3. Compile action runs package-dependent configure make steps.
4. Install action installs the headers and compiled library and executable outputs.
5. Qmerge action does something, but what?
Emerge also offers functionality to document dependency trees, create patches to upload tweaks and fixes, and update and clean existing installs.
The actual commands for fetching, unpacking etc. are defined by three increasingly specialized levels of logic. The first level is the code in the /bin folder and determines the overall order, steps should be taken, reading environment variables to configure the build environment and compiler set by kdeenv.bat, and parsing the directory tree.
The second set of logic is found in the /bin/BuildSystem, /bin/Package, /bin/Packager, and /bin/Source folders. This is used to determine general procedures for different classes of packages. For example, the "Source" folder contains the logic for running the --fetch step for compressed files, git repositories, SVN, and so on. The "Package" system contains logic for libraries that need to be configured with e.g. CMake, QMake, or internal make systems.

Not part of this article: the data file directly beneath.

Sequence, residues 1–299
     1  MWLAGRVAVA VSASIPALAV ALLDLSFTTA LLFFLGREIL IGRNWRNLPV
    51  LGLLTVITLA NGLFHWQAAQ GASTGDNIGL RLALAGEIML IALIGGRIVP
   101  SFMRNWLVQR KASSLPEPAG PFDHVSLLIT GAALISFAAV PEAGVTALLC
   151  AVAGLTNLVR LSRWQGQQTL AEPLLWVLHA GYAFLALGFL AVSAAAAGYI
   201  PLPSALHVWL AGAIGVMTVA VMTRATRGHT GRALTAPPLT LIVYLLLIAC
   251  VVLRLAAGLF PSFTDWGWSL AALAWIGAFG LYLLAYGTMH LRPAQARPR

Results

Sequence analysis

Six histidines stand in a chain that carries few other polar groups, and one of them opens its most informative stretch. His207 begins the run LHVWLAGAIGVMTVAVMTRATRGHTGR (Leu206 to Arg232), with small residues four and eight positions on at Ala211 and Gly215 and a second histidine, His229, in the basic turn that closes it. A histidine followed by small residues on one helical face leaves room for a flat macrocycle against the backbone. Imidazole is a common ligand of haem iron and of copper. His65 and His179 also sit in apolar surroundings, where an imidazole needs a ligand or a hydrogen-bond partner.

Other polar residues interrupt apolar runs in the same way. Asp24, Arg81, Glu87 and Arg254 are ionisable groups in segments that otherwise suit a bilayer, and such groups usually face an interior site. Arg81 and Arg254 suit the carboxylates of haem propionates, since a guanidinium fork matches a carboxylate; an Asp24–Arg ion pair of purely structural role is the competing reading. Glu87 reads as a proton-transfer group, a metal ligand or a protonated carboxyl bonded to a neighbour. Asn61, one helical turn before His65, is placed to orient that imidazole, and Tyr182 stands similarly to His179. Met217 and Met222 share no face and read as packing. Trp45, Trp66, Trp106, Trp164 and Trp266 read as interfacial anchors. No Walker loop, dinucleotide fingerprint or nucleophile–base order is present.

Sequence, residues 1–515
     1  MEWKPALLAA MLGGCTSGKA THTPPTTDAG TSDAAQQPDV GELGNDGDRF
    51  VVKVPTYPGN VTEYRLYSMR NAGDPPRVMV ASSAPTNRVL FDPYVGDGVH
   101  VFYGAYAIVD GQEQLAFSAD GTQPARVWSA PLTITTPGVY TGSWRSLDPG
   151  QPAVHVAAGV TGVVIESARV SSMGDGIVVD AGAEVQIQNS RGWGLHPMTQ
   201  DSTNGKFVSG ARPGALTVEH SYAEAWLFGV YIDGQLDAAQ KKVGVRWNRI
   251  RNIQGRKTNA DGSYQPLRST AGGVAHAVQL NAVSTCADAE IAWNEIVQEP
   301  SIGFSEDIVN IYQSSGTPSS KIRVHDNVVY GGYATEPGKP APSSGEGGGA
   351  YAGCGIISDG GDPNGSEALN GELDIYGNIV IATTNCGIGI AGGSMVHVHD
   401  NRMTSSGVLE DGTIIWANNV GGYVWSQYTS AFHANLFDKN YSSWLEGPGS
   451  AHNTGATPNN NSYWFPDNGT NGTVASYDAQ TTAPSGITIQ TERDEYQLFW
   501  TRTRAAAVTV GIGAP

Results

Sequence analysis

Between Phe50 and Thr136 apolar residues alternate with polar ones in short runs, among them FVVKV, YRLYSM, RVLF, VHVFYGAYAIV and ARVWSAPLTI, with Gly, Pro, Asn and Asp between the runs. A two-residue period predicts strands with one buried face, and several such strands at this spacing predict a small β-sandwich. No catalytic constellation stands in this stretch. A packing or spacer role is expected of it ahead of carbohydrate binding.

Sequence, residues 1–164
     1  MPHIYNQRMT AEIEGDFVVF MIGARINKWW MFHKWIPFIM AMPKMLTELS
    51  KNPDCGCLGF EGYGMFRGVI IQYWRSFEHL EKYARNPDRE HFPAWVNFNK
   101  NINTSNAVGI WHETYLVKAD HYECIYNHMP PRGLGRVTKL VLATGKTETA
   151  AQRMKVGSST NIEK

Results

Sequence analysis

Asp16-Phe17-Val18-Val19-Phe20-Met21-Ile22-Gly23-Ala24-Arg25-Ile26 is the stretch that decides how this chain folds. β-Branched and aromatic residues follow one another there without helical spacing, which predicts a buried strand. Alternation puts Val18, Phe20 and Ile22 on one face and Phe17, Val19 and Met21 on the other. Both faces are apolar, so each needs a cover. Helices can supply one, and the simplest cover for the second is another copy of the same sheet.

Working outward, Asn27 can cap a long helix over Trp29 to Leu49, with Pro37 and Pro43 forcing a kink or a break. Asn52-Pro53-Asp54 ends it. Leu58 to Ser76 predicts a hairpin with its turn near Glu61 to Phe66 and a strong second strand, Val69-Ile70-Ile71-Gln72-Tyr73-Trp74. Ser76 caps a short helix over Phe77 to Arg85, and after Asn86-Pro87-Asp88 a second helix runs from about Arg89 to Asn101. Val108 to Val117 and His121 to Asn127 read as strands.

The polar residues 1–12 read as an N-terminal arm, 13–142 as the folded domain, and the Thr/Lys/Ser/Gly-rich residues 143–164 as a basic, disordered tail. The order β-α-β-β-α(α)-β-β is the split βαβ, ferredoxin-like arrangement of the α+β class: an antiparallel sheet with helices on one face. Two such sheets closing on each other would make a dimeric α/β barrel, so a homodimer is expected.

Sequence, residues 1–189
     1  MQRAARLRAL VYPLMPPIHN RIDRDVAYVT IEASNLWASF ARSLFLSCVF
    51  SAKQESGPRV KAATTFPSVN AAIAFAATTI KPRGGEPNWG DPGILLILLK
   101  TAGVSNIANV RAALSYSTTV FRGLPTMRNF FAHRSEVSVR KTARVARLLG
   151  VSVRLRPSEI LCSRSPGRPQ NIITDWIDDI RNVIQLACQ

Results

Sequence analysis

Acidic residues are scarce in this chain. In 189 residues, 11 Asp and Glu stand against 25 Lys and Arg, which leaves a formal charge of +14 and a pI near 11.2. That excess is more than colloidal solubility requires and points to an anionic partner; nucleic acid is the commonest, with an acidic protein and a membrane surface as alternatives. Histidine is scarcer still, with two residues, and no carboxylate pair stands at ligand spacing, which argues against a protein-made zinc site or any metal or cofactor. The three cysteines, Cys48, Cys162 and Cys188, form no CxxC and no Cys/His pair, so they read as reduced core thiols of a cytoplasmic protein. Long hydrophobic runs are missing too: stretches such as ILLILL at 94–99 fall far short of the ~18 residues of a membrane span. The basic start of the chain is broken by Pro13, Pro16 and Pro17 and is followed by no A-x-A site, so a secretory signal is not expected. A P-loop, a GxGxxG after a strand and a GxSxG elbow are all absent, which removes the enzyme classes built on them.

The final set of logic is at the per-package level. This is what is contained in the /portage/ directory. Emerge is able to automatically search through the Portage folders to find the name of the package you specify. This is where dependencies, special build configurations and special commands are set up. Individual patch files and different version configuration information is also stored here. It is relatively straightforward to add a new package to Portage, especially if the package itself can be downloaded and installed with CMake using minimal configuration.